and the
Citizens Economic Research Foundation

Wednesday, May 19, 2004

Senate Republicans withdraw amendment
for Governor’s income tax rollback;
CLT calls for new Senate Minority Leader

For Immediate Release
May 19, 2004
Contact: Barbara Anderson - (508) 384-0100

Governor Romney had a Senate budget amendment to rollback the income tax rate to 5 percent for 2005. Senate Republicans Lees, Hedlund, Knapik, Brown and Sprague filed the amendment in time to meet the Friday deadline; it was amendment #777, became #355. Yesterday afternoon Senator Lees, apparently “acting alone,” withdrew the amendment.

CLT activists have been calling the Senate Republicans. Here are some of the dumb excuses they have heard.

1. “We didn’t have the votes to win.” No kidding. And your point is.....? The reason we have a minority party is to dream the impossible dream, guys. Use the popular but losing issue to beat the otherwise unbeatable foe.

2. “There would have been a voice vote to kill the amendment, then we couldn’t bring it up again this year, even in the Governor’s deficiency budget.” a) There would be a voice vote only if YOU don’t call for a roll call. What are Republicans for, if not to get a roll call? b) You can’t do the same amendment twice, but the Governor can file anything he wants.

3. “If we make the Democrats vote on a roll call for the rollback, they will get even by not giving us anything for our districts.” Now we are getting closer to the obvious truth. But that’s the problem with being the minority party. Take a stand, fight for the taxpayers who voted for the rollback, and help Governor Romney elect more of you, get us some respect for the voters and their initiative petition laws, have a goal of being the majority party.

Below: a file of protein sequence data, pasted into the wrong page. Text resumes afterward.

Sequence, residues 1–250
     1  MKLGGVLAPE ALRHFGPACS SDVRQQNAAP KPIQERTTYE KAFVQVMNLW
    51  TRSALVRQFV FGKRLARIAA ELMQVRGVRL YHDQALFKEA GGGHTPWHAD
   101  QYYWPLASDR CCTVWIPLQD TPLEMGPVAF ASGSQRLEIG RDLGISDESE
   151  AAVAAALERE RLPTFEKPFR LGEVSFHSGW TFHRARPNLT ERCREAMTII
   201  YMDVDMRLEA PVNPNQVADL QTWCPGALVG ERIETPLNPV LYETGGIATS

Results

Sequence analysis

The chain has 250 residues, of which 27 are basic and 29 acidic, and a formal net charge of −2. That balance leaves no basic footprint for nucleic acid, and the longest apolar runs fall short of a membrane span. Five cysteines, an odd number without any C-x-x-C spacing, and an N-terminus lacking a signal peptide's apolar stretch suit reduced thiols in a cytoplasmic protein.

We appreciate the support of Sen. JoAnn Sprague and Sen. Bob Hedlund for the income tax rollback amendment. But where were the other four Republicans while Minority Leader Lees was selling us out? We recall that Senators Lees and Tarr both collected signatures in 1999 for the initiative petition that put it on the ballot. Why won’t they support it now?

Here’s the real reason:

Senate Ways & Means Chairwoman Therese Murray, who controls the above-mentioned goodies, has an opponent and doesn’t want to be spotted on this issue. Senate Minority Leader Brian Lees is in her tank, even though the Republican opponent, Tim Duncan, would become part of his team if he won. But Lees is afraid that if enough Republicans win, they might get tired of his devotion to the Democrats and choose themselves a real Republican leader. We think that’s a great idea. The House has had its revolutions; in January, the Senate Republicans should have theirs.

CLT is non-partisan. We would like to see more conservative Democrats too. But Democrats won’t stand up alone, when there aren’t even Republicans fighting for the taxpayers. Every state deserves a two-party system, and Massachusetts doesn’t have one. We applaud Governor Romney for his efforts to create one and hope that some incumbents are defeated this November. But it would help if the second party stood for something, and right now, in the Massachusetts Senate, it stands for ... re-election.

We understand that Governor Romney will file the income tax rollback as part of his final supplemental/deficiency budget. At that time the Democrats will need an amendment to remove the language, in both the House and Senate. We look forward to Republican leadership in getting a roll call vote to be used in the fall campaigns.

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